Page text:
Elder Denelson Urbano da Silva, a new General Authority Seventy of The Church of Jesus Christ of Latter-day Saints, left, and his wife, Sister Regina Maria de Carvalho Silva, pose for a photo at the Church Office Building in Salt Lake City on Monday, April 4, 2022.

Credit: Scott G Winterton, Deseret News

The 4,000-mile distance between São Paulo, Brazil, and Luanda, Angola, gave Elder Denelson Urbano da Silva and his wife, Sister Regina Silva, some time to wrestle with a prompting.

After serving as a mission president, Elder Silva felt he and his wife should do something unplanned.

Elder Denelson Urbano da Silva of the Seventy.

Elder Denelson Urbano da Silva of the Seventy.

Credit: The Church of Jesus Christ of Latter-day Saints

The couple had sold their home prior to leaving for their mission. They planned to simply purchase a new home upon their return, but they were prompted to wait.

“Houses in Brazil are not an asset you put up for sale and it sells immediately,” Elder Silva said. “It can take days or months or years.”

Sister Silva said they focused on the fact that Heavenly Father had helped them figure things out prior to their mission and that He would help them again.

“We decided — we decided together — to wait for a time,” she said.

Like selling a house in Brazil, the answer didn’t come in days, or months, or a year. The answer came more than two years later when the call was extended to serve as a General Authority Seventy.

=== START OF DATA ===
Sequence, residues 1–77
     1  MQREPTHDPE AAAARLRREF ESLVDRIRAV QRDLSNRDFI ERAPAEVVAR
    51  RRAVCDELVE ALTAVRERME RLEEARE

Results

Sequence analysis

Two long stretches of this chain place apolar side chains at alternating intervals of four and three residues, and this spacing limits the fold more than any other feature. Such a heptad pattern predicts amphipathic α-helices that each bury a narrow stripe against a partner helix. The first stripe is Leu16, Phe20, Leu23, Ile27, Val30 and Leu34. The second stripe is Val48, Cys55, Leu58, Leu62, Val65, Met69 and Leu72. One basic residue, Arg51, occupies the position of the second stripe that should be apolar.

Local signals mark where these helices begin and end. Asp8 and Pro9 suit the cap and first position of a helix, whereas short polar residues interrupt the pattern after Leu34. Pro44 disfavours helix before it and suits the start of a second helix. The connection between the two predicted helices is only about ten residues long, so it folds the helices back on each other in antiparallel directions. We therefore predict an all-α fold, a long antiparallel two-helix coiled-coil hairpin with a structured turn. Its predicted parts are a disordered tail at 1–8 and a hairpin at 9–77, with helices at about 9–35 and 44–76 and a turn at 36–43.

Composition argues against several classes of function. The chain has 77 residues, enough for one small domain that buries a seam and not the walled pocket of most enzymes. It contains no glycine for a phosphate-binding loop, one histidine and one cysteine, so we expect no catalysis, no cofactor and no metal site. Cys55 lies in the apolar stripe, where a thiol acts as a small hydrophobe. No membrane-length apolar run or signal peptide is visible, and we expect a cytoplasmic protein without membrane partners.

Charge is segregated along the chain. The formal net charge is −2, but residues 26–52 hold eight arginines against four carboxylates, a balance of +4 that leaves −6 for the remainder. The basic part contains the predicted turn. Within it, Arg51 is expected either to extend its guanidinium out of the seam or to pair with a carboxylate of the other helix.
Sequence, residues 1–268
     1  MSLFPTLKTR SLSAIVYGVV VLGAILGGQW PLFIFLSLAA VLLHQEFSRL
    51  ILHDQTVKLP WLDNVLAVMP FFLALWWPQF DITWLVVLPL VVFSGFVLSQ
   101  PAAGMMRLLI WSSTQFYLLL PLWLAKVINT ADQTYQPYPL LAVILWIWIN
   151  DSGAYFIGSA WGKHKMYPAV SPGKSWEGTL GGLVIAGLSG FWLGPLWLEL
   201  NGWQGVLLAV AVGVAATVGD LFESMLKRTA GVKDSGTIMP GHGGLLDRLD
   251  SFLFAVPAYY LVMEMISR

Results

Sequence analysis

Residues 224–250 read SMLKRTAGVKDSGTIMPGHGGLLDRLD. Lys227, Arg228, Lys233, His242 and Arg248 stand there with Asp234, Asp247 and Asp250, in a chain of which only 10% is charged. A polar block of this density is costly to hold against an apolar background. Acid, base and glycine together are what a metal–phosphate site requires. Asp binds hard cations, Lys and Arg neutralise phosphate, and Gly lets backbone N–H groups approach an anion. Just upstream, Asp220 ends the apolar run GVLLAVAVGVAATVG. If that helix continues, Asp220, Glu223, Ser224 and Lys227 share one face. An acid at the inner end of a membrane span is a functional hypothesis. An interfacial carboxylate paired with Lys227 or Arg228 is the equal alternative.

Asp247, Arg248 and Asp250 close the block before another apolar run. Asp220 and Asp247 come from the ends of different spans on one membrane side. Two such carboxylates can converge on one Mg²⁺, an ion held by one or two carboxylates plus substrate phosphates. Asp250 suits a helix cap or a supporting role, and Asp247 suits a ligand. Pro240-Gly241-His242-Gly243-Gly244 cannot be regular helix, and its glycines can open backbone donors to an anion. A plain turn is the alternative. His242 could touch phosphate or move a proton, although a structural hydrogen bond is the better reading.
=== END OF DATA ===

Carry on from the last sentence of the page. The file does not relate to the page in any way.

“We have to have the mentality that if He asks us to do something, the answer is always yes,” Elder Silva said.

Read more: Elder Denelson Urbano da Silva knew ‘something was ready to happen’

“If the answer isn’t always ‘yes,’ it leaves space for ‘no’ or ‘maybe.’ And there was no space for ‘no’ or ‘maybe’ in Gethsemane. There was no space for that.”

Denelson Urbano da Silva, 56, was born on July 4, 1965, in Recife, Brazil to Domingos Urbano da Silva and Maria José de Almeida Silva. He grew up in Recife and was sealed to Regina Maria de Carvalho Silva on May 26, 1987. The couple has two children.

He has a degree in business administration (data processing) and worked in the travel industry for 30 years.

Elder Silva served as mission president in the Angola Luanda Mission from 2016-2019 with his wife.

He has also served as an Area Seventy, stake president, stake presidency counselor, high counselor and bishop.

— Jon Ryan Jensen

Read more April 2022 general conference coverage

Elder Neil L. Andersen of the Quorum of the Twelve Apostles greets Elder Isaac K. Morrison, General Authority Seventy, before the Sunday afternoon session of the 192nd Annual General Conference on April 3, 2022.

Elder Neil L. Andersen of the Quorum of the Twelve Apostles greets Elder Isaac K. Morrison, General Authority Seventy, before the Sunday afternoon session of the 192nd Annual General Conference on April 3, 2022.

Credit: The Church of Jesus Christ of Latter-day Saints